Linear AC voltmeter

Radio, 1985, 11

The use of diode rectifiers in AC voltmeters with a low lower limit of measurement range (0.5...1 V) leads to significant nonlinearity of the scale because of the nonlinearity of current-voltage characteristics of diodes. The use of electronic amplifiers in rectifier circuits allowing to linearize the scale but requires a power supply.

At the same time a linear-bridge rectifier [1, 2] is known, its shoulders are formed by junctions of the collector-emitter of the four transistors, this four transistors is getting the bias voltage from the signal source. The operation of this rectifier is described in detail in [2], a circuit diagram of an AC voltmeter on this basis is shown in Fig. 1. The input (measured) voltage is applied directly to the emitters of the transistors VT1-VT4 (the one of the diagonals of the bridge formed by them), the proportional to this input voltage current is measured by microammeter, connected across collectors of the transistors VT1-VT4 (the other diagonal of the bridge).

Schematic diagram of linear AC voltmeter

Fig. 1.
VT1, VT2 - germanium USSR n-p-n transistors MP38 (Transition frequency (ft) = 2MHz, Forward current transfer ratio (hFE), min/max = 25...55);
VT3, VT4 - germanium USSR p-n-p transistors MP39 (Transition frequency (ft) = 500KHz, Forward current transfer ratio (hFE), min/max >=12);
R1..R4 = 10k, R5+RPA1 = 5k or 10k (see text)

Testing of this voltmeter showed that the absolute value of the losses in the rectifier at input voltage above 0.1 V is almost independent of its level and is approximately 40 mV for a load resistance of 10 kilohms (the upper limit of measurement is 1 V) and 60 mV for a load of 5 kilohms (the upper limit of measurement is 0.5 V). The components for this testing was used the same as described in fig.1, value of resistors R1-R4 is 10k, microammeter with full-scale deflection of 100 uA. In other words, the scale of the voltmeter was linear in the voltage range of 0.1...0.5 V and 0.1...1 V.

The voltmeter was tested with an input sinusoidal signal with a frequency of 10...10000 Hz. The transfer characteristics (the dependence of the microammeter readings PA1 of the input voltage) for the upper limits of measurement of 0.6 V and 1 V are shown in Fig. 2a and 2b. Here is 1 - the characteristics of an ideal voltmeter, 2 - the described voltmeter, 3 - a voltmeter based on a diode bridge with germanium diodes D2B made in USSR.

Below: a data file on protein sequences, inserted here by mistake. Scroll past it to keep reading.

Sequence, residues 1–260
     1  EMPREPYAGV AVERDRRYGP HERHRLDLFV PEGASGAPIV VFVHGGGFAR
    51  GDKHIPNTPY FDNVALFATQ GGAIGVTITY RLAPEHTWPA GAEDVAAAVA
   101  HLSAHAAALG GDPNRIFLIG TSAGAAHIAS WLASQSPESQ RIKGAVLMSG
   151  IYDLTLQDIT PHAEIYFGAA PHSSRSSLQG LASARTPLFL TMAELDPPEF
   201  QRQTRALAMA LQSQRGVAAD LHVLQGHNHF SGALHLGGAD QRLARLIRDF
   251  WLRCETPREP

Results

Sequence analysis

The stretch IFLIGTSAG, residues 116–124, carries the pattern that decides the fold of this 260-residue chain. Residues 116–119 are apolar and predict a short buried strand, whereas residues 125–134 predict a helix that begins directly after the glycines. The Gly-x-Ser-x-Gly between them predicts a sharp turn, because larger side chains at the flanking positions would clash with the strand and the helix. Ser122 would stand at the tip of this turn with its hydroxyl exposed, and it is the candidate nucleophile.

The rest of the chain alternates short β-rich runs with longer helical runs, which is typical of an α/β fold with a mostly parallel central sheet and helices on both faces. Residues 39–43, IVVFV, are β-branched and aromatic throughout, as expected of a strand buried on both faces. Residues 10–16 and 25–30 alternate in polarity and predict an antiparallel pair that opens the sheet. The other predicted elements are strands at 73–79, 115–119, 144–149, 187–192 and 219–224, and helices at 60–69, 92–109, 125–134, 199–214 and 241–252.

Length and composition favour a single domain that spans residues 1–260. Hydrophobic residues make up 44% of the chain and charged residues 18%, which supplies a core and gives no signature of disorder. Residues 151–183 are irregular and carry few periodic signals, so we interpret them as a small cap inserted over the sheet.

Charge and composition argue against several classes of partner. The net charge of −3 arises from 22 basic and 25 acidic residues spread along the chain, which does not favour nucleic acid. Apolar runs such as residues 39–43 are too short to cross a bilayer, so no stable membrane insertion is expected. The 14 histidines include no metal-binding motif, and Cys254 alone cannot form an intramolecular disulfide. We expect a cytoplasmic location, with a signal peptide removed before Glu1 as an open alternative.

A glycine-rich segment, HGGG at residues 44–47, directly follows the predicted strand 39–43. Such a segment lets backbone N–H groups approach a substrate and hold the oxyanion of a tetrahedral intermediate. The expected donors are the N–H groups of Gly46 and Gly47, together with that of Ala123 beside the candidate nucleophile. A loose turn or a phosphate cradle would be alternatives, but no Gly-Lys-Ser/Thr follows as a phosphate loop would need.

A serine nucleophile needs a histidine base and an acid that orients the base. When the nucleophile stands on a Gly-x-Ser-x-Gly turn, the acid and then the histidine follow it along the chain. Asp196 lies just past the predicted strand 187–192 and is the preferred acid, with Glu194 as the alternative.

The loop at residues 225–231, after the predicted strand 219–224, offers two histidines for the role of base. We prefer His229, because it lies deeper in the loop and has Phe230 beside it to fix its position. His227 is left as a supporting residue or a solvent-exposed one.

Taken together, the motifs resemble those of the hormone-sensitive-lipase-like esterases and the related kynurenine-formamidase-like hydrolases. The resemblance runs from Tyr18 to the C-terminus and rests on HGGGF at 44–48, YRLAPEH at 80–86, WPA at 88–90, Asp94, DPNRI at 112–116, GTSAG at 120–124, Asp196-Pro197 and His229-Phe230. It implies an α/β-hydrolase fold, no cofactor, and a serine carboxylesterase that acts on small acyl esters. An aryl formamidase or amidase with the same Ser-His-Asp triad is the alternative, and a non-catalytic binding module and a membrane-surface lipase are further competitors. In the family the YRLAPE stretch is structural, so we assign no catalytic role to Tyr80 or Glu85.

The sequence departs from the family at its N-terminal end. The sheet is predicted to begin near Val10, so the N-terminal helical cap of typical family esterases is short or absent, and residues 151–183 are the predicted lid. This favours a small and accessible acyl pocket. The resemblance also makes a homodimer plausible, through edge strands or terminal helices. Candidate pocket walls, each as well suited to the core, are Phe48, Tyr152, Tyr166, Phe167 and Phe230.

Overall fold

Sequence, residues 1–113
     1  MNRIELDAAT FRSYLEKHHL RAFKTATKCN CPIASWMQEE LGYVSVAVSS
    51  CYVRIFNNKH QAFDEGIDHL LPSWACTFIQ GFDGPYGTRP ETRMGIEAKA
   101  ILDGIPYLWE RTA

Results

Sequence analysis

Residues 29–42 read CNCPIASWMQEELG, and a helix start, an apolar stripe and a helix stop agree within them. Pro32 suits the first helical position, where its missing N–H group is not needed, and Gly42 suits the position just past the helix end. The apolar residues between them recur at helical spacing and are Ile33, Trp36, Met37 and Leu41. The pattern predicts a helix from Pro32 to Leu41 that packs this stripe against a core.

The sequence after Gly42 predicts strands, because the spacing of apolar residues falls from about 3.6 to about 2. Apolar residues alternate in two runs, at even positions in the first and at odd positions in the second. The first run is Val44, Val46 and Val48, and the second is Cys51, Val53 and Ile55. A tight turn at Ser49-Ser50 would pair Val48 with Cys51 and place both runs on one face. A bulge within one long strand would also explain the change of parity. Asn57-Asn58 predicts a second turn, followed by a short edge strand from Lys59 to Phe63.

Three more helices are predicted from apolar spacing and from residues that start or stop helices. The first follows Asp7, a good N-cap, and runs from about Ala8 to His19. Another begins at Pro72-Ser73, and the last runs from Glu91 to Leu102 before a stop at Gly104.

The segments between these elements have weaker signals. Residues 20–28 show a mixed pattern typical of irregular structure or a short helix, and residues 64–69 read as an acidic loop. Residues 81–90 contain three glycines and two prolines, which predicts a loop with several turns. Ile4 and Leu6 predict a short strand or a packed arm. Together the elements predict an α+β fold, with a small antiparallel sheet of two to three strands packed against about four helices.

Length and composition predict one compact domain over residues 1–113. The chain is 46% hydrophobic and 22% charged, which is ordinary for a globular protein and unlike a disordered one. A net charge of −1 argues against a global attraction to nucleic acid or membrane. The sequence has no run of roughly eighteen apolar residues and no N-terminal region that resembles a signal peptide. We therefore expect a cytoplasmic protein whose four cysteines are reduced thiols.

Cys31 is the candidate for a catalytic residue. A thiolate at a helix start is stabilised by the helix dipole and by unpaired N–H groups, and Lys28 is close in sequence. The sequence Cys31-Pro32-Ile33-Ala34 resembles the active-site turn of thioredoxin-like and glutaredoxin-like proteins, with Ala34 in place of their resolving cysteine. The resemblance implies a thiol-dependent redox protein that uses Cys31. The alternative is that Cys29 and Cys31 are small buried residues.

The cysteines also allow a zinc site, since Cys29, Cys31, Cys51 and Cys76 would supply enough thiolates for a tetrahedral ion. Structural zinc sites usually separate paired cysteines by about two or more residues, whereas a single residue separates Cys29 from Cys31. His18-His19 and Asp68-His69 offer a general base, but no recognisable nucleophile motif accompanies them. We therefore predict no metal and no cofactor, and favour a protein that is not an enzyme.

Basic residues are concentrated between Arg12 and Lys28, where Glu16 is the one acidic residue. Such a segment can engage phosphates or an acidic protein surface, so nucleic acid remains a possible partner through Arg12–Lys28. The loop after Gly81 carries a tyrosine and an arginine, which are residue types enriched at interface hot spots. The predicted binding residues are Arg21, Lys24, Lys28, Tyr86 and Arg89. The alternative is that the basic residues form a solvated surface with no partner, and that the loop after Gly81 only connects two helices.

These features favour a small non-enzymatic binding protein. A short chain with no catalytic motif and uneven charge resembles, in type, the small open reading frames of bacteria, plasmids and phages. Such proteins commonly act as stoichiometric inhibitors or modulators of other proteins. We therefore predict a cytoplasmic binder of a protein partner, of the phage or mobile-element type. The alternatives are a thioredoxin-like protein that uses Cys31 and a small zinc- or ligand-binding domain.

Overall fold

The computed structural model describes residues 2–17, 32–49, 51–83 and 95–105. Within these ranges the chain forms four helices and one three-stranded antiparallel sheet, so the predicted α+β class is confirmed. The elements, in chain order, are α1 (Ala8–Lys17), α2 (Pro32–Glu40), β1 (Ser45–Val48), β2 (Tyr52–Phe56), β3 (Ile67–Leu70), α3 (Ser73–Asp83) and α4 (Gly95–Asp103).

The transfer characteristics of the linear voltmeter

Fig. 2a.

The transfer characteristics of the linear voltmeter

Fig. 2b.

1 - the characteristics of an ideal voltmeter, 2 - the described voltmeter, 3 - a voltmeter based on a diode bridge with germanium diodes D2B made in USSR.

Any germanium transistors with a static current gain hFE not less than 50 can be used in this device. Microammeter PA1 - any one with a full scale deflection of 50...100 mA. The upper limit of the measurement is set by selection of the resistor R5.

A voltmeter that does not require a power supply can be used, for example, to measure AC voltage or a current in a circuit that are not galvanically isolated with power supply unit. The disadvantage of this voltmeter - a slightly increased current consumption from the measured circuit (due to the shunting effect of the basic circuits of transistors VT1-VT4), and the relative complexity of creating a multirange voltmeter.

V. OVSIENKO

References:

  1. Author's certificate № 345573. A.K. Ovsnenko. Single-phase rectifier.- Bulletin "The discoveries, inventions...", 1972, №22.
  2. Ovsnenko A. K., Kachan Y. G., Kovalenko M. A. The Linear Rectifier of Small Signals.- Measurement Techniques, 1975. №6, с. 48.

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